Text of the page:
18F-Fluoro-2-deoxyglucose positron emission tomography in cardiac sarcoidosis

  • Hiroshi Ohira
  • Ichizo TsujinoEmail author
  • Keiichiro Yoshinaga
Review Article


Cardiac sarcoidosis (CS) is a rare and potentially life-threatening disease that causes conduction disturbance, systolic dysfunction, and most notably sudden cardiac death. Accurate diagnosis of CS is thus mandatory; however, a reliable approach that enables diagnosis of CS with high sensitivity and specificity has yet to be established. Recent studies have demonstrated the promising potential of 18F-fluoro-2-deoxyglucose positron emission tomography (18F-FDG PET) in the diagnosis and assessment of CS. Indeed, 18F-FDG PET provides a wide variety of advantages over previous imaging modalities; however, there are pitfalls and limitations that should be recognized. In this review article, (1) the rationale for 18F-FDG PET application in CS, (2) suitable pretest preparations, and (3) evaluation protocols for the 18F-FDG PET images obtained will be addressed. In particular, sufficient suppression of physiological 18F-FDG uptake in the heart is essential for accurate assessment of CS. Also, (4) recent studies addressing the diagnostic role of 18F-FDG PET and (5) the clinically important differences between 18F-FDG PET and other imaging technologies will be reviewed. For example, active sarcoid lesions and their response to steroid treatment will be better detected by 18F-FDG PET, whereas fibrotic lesions might be shown more clearly by magnetic resonance imaging or other nuclear myocardial perfusion imaging. In the last decade, 18F-FDG PET has substantially enhanced detection of CS; however, CS would be better evaluated by a combination of multiple modalities. In the future, advances in 18F-FDG PET and other emerging imaging modalities are expected to enable better management of patients with sarcoidosis.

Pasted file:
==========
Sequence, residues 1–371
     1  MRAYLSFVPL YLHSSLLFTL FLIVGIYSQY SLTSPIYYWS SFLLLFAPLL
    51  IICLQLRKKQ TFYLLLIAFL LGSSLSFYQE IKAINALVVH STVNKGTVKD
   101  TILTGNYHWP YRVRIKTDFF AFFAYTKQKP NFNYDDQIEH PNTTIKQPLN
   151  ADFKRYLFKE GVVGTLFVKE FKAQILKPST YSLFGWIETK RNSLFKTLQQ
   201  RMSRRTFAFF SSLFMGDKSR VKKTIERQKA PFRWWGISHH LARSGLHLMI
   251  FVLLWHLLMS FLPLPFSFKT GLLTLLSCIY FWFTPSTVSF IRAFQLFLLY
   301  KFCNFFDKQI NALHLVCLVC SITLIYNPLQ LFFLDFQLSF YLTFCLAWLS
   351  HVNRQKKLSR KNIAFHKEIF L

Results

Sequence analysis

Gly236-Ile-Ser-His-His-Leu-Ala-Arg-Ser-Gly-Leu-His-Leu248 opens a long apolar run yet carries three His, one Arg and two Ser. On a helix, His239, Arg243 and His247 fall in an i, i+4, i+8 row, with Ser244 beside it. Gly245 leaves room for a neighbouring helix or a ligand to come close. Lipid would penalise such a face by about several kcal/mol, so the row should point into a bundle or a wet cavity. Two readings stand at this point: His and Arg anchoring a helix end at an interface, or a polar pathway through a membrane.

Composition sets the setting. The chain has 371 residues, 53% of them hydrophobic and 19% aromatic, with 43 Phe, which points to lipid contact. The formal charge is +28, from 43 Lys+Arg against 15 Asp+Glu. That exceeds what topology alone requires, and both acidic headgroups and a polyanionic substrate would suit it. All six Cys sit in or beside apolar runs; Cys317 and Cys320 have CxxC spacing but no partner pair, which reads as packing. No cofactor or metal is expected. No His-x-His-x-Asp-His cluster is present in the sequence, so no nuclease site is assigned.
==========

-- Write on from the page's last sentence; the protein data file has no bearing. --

Cardiac sarcoidosis 18F-Fluoro-2-deoxyglucose positron emission tomography Fasting Low-carbohydrate diet Heparin Magnetic resonance imaging 



The authors acknowledge Dr. Masaharu Nishimura, Professor of the first Department of Medicine of the Hokkaido University School of Medicine, and Dr. Nagara Tamaki, Professor of the Department of Nuclear Medicine of the Hokkaido University School of Medicine, for critical reading of the manuscript. We also thank Ms. Yuka Yoshida, a nutritionist at the Hokkaido University Hospital, for her cooperation in the preparation of the low-carbohydrate meals.

Conflicts of interest



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Copyright information

© Springer-Verlag 2011

Authors and Affiliations

  • Hiroshi Ohira
    • 1
  • Ichizo Tsujino
    • 1
    Email author
  • Keiichiro Yoshinaga
    • 2
  1. 1.First Department of MedicineHokkaido University School of MedicineSapporoJapan
  2. 2.Department of Photobiology, Division of Molecular Cellular ImagingHokkaido University School of MedicineSapporoJapan

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